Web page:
Connecticut, Delaware, Nebraska, New Jersey, New York and Pennsylvania have "convenience of the employer" tests. Under this rule, for example, Connecticut imposes income tax on a person working remotely in Rhode Island for a company located in Connecticut, if the person works remotely for their own convenience. The tax withholding would occur only in the work state if the work happens remotely for the employer's convenience.

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Exempt vs. Nonexempt

If nonexempt employees are working a hybrid schedule, it can be more complex for the employer to comply with state and federal wage and hour laws. Depending on the location, such compliance includes following rules governing safety, overtime pay, minimum wage, required rest and meal breaks, and record keeping for hours worked.

"Employers should first review their policies to ensure they support Fair Labor Standards Act (FLSA) compliance, including with respect to record-keeping requirements for nonexempt employees and the advance approval of overtime," Tomiak said. "Employers may also consider the practical aspects of remote work for nonexempt employees, and whether employee access to remote working tools can be monitored to track the accuracy of timesheets."

Tax rules and FLSA requirements are important to consider when an employee moves to a different state and remains in the same job.

"When employees, whether exempt or nonexempt, move to new jurisdictions, they may become subject to an entirely new legal framework," Tomiak said. "With respect to nonexempt employees, this may include requirements with respect to the rates of pay, the calculation of overtime, and the timing of and information provided on paychecks."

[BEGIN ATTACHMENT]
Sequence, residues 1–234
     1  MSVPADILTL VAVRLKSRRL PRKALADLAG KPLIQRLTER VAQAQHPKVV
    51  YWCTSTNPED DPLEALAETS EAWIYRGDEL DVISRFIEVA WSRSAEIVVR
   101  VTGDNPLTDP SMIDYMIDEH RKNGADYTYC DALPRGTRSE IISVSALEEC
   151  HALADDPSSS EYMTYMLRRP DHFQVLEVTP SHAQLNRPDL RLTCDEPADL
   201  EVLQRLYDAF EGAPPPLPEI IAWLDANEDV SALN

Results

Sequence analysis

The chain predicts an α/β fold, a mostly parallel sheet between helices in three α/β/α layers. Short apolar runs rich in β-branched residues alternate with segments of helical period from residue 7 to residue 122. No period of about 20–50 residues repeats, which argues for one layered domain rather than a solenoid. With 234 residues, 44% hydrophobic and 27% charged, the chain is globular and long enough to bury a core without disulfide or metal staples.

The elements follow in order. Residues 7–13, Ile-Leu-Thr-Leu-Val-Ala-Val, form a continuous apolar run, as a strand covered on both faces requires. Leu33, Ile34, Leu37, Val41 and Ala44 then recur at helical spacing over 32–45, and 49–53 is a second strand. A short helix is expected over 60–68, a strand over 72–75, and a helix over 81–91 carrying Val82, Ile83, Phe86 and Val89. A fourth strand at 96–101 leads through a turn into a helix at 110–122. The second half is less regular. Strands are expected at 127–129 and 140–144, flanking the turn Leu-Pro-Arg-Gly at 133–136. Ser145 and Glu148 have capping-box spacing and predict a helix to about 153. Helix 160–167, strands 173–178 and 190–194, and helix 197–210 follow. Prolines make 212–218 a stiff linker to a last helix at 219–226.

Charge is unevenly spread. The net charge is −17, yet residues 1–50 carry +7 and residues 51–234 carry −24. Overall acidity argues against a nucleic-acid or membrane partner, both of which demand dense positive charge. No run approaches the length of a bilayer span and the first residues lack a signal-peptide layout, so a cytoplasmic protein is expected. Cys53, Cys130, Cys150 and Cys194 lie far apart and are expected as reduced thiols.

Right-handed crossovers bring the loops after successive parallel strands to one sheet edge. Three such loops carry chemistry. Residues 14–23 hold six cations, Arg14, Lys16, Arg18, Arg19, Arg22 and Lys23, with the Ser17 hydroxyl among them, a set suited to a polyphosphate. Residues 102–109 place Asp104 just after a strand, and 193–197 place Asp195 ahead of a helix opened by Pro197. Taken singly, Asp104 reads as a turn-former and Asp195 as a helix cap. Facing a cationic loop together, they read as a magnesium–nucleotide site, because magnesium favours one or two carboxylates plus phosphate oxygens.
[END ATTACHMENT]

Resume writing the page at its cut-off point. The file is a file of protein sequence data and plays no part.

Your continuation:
A move to a different state could require changes to the time-keeping tool the employee uses to track work hours. In some states, overtime is calculated by the day, while in other states, it's calculated by the workweek.

Avoid Discrimination

You should make sure your organization's decisions to permit or deny hybrid work arrangements don't discriminate against people in legally protected groups. The hybrid work policy should avoid discrimination by race, religion, gender, age, sexual orientation, disability and pregnancy status. It's probably not legal if the data shows there's been unequal treatment or an adverse impact on workers in a protected group.

To avoid discrimination claims, it's wise to have a written policy that outlines the criteria for determining whether to allow or refuse a request for a hybrid work schedule. Then make sure supervisors apply the policy in a consistent and fair manner.

With more employees working from home and interacting with co-workers via e-mail, text, videoconferencing and instant messaging, it's important for companies to prevent online harassment and hostile online environments. Digital platforms can contain the ingredients for harassment lawsuits the same way that physical office buildings can. Any employee trainings and written policies that you have regarding harassment should make it clear that the same rules apply to in-person communication and online communication.